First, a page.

It came as some surprise to the replaceable Energy industry when the Energy Minister, Charles Hendry, stated that the satisfy in Tariff scheme, also known as the Clean Energy Cashback scheme was going to be reconsidered as part of the October Comprehensive Spending Review.
Under the Clean Energy Cashback scheme, households, community groups, and businesses are paid generous satisfy in Tariff rates to produce electricity by a replaceable Energy technology such as Solar PV panels.
The replaceable Heat motive (RHI), scheduled to come into force in April 2011, and supported by all political parties last year, hypothesizedv similarly generous tariffs for producing heat from technologies such as Solar Thermal, heat pumps, biomass boilers, etc. However, it appeared that the Government were also going cold on this scheme by making its future unprotected to the spending review.
The hesitation on the introduction of the replaceable Heat motive led the Solar Trade Association to announce that almost 50% of Solar Thermal installers were reporting a 75% or more reduction in business since May 6th. Many possible customers were delaying making a decision on their Solar Thermal installations until the RHI scheme was confirmed.
In response, manufacturers and installers of Solar PV panels orchestrated a media campaign, urging the Government not to tamper with the satisfy in Tariff or replaceable Heat Incentives.
Citing the financial commitment made by hundreds of small electrical companies, and many big companies such as British Gas, Eaga, M&S and Tesco, the campaign warned the Government that millions of pounds had already been invested. Many of these companies had based their business models around the satisfy in Tariff remaining un-changed until 2013.
For many larger companies, their business form involved installing Solar PV panels for free and using the satisfy in Tariff to cover the cost. It was consequently basic that the Tariffs remained unchanged.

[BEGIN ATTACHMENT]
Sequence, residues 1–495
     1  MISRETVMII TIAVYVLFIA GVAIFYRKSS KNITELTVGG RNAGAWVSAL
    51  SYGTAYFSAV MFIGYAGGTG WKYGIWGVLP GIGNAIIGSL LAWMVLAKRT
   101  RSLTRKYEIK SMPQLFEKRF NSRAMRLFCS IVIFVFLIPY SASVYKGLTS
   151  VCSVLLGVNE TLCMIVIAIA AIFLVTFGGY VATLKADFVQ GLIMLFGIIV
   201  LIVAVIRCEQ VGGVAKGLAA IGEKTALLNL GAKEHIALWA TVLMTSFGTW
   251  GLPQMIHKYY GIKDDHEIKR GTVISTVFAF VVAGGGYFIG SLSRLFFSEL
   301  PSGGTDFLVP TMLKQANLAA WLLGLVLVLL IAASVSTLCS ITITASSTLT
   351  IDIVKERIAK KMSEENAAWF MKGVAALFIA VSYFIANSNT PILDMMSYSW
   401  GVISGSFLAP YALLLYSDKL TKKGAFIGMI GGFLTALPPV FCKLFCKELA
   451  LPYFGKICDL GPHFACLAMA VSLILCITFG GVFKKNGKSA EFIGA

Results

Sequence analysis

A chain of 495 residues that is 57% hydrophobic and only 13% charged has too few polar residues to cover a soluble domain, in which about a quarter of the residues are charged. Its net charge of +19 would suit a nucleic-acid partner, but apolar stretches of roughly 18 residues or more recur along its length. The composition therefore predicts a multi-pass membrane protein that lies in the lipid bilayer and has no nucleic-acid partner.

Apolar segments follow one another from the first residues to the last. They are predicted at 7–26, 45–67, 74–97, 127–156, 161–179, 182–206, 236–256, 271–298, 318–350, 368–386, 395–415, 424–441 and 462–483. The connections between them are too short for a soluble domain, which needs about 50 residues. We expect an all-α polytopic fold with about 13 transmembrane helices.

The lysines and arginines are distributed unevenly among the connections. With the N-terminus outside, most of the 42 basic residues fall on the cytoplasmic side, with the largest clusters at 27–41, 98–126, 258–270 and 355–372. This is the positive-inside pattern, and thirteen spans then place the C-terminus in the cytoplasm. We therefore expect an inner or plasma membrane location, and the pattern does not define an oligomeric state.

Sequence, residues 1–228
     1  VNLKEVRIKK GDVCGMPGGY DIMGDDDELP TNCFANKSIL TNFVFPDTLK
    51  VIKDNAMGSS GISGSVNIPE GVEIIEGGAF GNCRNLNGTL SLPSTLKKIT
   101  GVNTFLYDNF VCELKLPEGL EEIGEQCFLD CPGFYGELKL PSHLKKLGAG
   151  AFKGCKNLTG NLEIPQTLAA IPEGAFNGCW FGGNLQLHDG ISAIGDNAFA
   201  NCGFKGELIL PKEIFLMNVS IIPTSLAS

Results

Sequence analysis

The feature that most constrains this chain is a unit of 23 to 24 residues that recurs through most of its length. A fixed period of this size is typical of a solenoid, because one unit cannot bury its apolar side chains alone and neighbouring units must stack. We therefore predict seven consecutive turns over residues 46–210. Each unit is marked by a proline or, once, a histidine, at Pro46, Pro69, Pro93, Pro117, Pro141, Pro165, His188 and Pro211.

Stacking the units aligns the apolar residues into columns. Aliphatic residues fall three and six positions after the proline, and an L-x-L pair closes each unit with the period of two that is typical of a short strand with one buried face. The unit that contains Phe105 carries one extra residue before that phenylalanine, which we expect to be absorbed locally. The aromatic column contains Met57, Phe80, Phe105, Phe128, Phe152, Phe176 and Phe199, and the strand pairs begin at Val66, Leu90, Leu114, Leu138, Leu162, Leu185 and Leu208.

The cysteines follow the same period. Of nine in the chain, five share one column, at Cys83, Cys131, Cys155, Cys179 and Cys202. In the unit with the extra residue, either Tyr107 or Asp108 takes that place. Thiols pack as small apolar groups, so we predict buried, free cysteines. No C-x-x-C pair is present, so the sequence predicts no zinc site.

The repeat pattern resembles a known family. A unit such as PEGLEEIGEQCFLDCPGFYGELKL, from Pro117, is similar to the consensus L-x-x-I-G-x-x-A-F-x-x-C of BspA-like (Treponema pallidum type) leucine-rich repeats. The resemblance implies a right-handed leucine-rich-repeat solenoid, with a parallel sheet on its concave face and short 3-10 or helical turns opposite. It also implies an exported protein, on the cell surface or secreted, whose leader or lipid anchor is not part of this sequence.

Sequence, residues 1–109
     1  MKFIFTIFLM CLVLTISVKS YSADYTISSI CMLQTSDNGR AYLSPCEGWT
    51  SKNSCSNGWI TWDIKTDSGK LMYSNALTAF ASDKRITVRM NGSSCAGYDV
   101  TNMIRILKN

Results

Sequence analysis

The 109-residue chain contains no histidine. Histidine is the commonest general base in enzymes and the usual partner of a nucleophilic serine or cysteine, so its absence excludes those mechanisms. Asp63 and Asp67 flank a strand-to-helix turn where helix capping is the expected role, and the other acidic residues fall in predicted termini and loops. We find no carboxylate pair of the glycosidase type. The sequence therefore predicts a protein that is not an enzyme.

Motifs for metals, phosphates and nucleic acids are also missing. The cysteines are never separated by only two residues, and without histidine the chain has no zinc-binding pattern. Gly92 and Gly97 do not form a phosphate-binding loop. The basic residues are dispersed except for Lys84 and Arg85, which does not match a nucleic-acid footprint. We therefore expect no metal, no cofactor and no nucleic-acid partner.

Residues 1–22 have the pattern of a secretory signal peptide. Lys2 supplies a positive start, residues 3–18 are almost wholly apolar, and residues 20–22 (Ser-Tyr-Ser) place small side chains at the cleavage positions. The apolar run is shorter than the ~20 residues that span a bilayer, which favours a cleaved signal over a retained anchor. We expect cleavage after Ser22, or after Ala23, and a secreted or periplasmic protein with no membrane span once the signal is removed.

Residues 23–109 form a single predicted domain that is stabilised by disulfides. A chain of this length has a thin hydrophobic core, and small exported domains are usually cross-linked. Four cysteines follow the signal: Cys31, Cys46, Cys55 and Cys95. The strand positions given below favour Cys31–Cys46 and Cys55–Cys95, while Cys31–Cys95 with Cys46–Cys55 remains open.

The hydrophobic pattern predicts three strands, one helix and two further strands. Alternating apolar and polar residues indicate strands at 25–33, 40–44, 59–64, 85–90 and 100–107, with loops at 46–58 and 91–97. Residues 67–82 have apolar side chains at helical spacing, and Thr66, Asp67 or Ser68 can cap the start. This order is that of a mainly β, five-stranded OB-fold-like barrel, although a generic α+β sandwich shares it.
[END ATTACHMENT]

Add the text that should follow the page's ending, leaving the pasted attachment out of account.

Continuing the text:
The industry held its breath and hoped that the Chancellor’s Comprehensive Spending Review wouldn’t be as bad as feared. And it wasn’t. In fact, all in all, the news was rather positive:
– The replaceable Heat motive will go ahead in 2011 as planned, although the tariff levels and payment periods are nevertheless unprotected to the Government’s response to the consultation which took place earlier this year.
– The satisfy in Tariff will keep unchanged until a planned review in 2013. Anyone adopting Solar PV now will be paid the advertised rates for the next 25 years.
It is perhaps not surprising that the Government have chosen to leave well alone. Scrapping the satisfy in Tariff, or reducing the tariff levels would have had undermined business confidence in future investments for replaceable Energy, and led to large job losses particularly amongst the small business that David Cameron has asked to rule the economic recovery.
The satisfy in Tariff scheme also has many things going for it:
a) It is working – installations are in line with expectations, with over 5000 Solar PV installations since April 2010, and approximately 11MWp of installed capacity.
b) Funded directly by utility companies, it does not cost the Government anything – always a plus point!
c) It clearly and visually supports the Government’s credentials.
It is expected that the scheme will go on to mirror the success of similar schemes in countries such as Germany where solar panels on domestic and commercial rooftops are a shared sight.
If the replaceable Heat motive offers similar returns on investment that are currently being achieved by the satisfy in Tariff scheme, we can expect the sight of solar panels for hot water becoming equally familiar.
So just for once, a UK Government has done the sensible thing by the replaceable Energy industry. It has left things well alone and allowed businesses to invest in training their workforce with the assurance that for the next 4 years, they will have a good idea of what the market conditions are going to be.
Now doesn’t that make a change?